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I wrote a admin script that tails a heroku log and every n seconds, it summarizes averages and notifies me if i cross a certain threshold (yes I know and love new relic -- but I want to do custom stuff).

Here is the entire script.

I have never been a master of IO and threads, I wonder if I am making a silly mistake. I have a couple of daemon threads that have while(true){} which could be the culprit. For example:

# read new lines
f = File.open(file, "r")
f.seek(0, IO::SEEK_END)
while true do
  select([f])
  line = f.gets
  parse_heroku_line(line)
end

I use one daemon to watch for new lines of a log, and the other to periodically summarize.

Does someone see a way to make it less processor-intensive?

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2  
That while true do runs continuously and forever, without pause. That's not great. –  TheZ Jul 6 '12 at 18:30
    
Addd sleep 1 at the end of the loop so it doesn't bog down the cpu. –  Candide Jul 6 '12 at 18:31
    
@TheZ looping forever is rather his desire. The problem is failing to block on read because select considers EOF ready for read. –  dbenhur Jul 6 '12 at 19:09
    
@dbenhur Looping forever is not the issue I was addressing, it was in conjunction with the "without pause" part that worries me. There is no way to exit that loop and it runs without any kind of respite for the cpu. –  TheZ Jul 6 '12 at 19:13

2 Answers 2

up vote 6 down vote accepted

This probably runs hot because you never really block while reading from the temporary file. IO::select is a thin layer over POSIX select(2). It looks like you're trying to block until the file is ready for reading, but select(2) considers EOF to be ready ("a file descriptor is also ready on end-of-file"), so you always return right away from select then call gets which returns nil at EOF.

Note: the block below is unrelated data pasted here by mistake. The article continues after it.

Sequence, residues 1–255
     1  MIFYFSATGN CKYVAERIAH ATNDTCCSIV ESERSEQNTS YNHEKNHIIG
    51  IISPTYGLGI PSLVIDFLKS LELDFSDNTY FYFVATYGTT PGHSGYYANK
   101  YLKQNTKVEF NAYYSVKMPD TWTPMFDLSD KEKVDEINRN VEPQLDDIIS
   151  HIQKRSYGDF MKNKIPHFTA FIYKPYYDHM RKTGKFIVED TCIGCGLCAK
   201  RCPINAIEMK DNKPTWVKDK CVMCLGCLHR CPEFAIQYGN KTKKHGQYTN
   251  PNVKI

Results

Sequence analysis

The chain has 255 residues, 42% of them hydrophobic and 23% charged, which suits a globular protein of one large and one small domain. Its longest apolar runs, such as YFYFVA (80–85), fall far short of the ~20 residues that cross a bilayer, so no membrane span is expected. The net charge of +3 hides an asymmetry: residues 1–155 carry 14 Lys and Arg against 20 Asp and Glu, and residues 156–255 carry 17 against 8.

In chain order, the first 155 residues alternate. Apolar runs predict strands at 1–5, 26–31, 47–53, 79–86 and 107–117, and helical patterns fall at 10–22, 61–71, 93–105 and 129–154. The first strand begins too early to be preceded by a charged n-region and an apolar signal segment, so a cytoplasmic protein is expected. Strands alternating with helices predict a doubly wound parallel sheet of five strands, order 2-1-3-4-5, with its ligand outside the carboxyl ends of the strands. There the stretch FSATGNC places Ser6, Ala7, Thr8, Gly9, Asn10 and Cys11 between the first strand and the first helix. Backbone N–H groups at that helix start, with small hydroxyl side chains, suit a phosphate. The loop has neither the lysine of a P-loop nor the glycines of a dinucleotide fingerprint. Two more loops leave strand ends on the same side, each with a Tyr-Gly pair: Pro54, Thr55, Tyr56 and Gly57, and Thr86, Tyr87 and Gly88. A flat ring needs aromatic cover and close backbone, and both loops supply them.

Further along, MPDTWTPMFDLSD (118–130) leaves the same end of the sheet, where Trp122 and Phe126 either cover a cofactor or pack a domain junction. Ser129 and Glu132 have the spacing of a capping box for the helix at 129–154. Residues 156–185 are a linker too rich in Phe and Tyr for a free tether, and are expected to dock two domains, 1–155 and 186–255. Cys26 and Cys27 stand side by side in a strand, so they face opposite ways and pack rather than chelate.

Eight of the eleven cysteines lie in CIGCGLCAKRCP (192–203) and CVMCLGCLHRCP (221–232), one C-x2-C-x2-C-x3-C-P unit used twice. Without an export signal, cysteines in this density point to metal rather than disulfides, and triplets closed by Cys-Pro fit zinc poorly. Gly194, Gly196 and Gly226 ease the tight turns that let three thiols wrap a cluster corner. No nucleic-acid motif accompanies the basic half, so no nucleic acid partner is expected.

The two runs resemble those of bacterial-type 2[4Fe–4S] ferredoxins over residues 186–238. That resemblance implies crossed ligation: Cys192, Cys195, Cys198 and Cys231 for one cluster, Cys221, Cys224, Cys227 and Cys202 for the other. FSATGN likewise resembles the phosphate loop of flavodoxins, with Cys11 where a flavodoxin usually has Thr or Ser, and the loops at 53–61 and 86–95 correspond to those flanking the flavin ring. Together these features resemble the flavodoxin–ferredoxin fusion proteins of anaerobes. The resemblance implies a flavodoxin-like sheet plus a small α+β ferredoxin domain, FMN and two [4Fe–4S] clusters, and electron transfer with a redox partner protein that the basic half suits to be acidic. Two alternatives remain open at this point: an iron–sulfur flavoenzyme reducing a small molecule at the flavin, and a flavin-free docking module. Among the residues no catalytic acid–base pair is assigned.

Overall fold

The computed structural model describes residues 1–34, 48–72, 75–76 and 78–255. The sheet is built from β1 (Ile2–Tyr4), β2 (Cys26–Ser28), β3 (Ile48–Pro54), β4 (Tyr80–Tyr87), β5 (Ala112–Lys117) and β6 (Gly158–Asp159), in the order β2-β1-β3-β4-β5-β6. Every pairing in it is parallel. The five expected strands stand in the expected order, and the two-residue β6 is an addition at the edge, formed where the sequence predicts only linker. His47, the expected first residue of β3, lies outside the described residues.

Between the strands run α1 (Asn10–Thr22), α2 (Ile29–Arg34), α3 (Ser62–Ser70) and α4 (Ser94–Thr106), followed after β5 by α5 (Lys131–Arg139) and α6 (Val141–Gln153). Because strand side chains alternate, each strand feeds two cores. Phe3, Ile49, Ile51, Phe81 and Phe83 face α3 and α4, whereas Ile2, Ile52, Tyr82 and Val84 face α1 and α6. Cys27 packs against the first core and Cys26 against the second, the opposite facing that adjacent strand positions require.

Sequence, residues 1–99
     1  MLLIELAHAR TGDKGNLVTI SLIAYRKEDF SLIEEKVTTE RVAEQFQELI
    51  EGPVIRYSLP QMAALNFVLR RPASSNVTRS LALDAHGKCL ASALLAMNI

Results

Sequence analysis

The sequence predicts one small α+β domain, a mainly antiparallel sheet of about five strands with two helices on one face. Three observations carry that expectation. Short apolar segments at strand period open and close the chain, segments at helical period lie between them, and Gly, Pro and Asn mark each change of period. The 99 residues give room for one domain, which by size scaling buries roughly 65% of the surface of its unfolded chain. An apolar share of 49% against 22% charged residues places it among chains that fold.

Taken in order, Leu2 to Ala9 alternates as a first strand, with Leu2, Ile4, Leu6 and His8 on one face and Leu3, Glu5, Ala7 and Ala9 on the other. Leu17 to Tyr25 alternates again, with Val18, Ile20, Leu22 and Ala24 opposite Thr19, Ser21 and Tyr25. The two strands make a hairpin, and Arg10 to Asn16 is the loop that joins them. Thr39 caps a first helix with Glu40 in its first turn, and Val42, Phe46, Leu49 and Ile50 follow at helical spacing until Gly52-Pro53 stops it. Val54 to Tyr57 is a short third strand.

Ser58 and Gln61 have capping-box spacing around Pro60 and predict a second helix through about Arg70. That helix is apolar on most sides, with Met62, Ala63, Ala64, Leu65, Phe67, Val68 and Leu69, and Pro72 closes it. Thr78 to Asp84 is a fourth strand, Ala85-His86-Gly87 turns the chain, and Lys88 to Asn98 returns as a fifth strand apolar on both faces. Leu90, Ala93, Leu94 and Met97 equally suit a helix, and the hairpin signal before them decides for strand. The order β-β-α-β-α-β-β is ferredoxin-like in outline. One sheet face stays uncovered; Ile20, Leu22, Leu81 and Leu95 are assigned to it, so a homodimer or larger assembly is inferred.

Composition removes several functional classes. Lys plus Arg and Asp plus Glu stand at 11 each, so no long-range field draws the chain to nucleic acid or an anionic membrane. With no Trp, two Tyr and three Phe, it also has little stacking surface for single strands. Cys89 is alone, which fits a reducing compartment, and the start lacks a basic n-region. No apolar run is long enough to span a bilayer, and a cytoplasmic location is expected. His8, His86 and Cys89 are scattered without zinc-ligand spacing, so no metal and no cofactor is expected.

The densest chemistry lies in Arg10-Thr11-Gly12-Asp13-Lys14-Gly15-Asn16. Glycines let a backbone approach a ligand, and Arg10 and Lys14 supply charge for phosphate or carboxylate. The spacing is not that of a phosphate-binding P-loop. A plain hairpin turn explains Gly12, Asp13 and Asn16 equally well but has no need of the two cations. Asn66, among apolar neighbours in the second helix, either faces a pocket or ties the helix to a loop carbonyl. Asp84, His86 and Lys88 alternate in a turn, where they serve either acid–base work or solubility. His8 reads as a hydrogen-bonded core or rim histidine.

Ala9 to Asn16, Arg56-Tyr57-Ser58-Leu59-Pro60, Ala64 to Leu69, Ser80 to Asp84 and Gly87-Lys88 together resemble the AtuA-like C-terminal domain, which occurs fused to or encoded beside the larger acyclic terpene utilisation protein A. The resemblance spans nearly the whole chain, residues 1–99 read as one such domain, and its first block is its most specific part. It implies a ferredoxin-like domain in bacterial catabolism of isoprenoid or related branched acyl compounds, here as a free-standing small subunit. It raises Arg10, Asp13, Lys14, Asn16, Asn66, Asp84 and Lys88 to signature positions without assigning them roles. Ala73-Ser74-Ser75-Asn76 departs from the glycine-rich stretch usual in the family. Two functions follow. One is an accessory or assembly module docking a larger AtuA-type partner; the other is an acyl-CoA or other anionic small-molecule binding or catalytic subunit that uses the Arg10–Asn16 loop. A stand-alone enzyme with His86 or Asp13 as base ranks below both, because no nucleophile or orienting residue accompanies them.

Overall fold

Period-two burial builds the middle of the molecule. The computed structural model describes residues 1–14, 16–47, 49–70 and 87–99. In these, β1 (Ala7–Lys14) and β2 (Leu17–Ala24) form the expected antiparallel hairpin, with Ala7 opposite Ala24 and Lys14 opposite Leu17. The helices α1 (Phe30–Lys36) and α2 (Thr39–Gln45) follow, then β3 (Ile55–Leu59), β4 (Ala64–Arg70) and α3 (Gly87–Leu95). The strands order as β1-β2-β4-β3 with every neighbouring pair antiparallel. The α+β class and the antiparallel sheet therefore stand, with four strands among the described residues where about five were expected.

You can get a truer EOF reading and nice blocking behavior by avoiding the thread which writes to the temp file and instead using IO::popen to fork the %x[heroku logs --ps router --tail --app pipewave-cedar] log tailer, connected to a ruby IO object on which you can loop over gets, exiting when gets returns nil (indicating the log tailer finished). gets on the pipe from the tailer will block when there's nothing to read and your script will only run as hot as it takes to do your line parsing and reporting.

EDIT: I'm not set up to actually try your code, but you should be able to replace the log tailer thread and your temp file read loop with this code to get the behavior described above:

IO.popen( %w{ heroku logs --ps router --tail --app my-heroku-app } ) do |logf|
  while line = logf.gets
    parse_heroku_line(line) if line =~ /^/
  end
end

I also notice your reporting thread does not do anything to synchronize access to @total_lines, @total_errors, etc. So, you have some minor race conditions where you can get inconsistent values from the instance vars that parse_heroku_line method updates.

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That's the trick. Consuming input via a piped stream is way better than spinning and reading relentlessly. –  tadman Jul 6 '12 at 19:26
    
This looks like the trick -- going to give it try ... –  Jonathan Jul 6 '12 at 19:36
    
... and thanks everyone for the discussion –  Jonathan Jul 6 '12 at 19:36
    
@dbenhur -- strugling with the popen syntax. Would be awesome if you could update your answer with a block of code showing the new daemon loop -- or update the gist. –  Jonathan Jul 6 '12 at 19:55
1  
@Jonathan I added a code snippet that should do the trick, but I haven't actually tried it anywhere :) –  dbenhur Jul 6 '12 at 21:05

select is about whether a read would block. f is just a plain old file, so you when get to the end reads don't block, they just return nil instantly. As a result select returns instantly rather than waiting for something to be appending to the file as I assume you're expecting. Because of this you're sitting in a tight busy loop, so high cpu is to be expected.

If you are at eof (you could either check f.eof? or whether gets returns nil), then you could either start sleeping (perhaps with some sort of back off) or use something like listen to be notified of filesystem changes

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You've correctly identified the busy problem, but your proposed solution is awkward. He would be better off avoiding the temp file entirely and piping the output from the log tailer to a simple blocking read loop. This will save storage and io overhead and make the desired blocking behavior on next line simple. –  dbenhur Jul 6 '12 at 19:07
    
fairpoint - i didn't follow the link to the gist to be honest. –  Frederick Cheung Jul 6 '12 at 19:13

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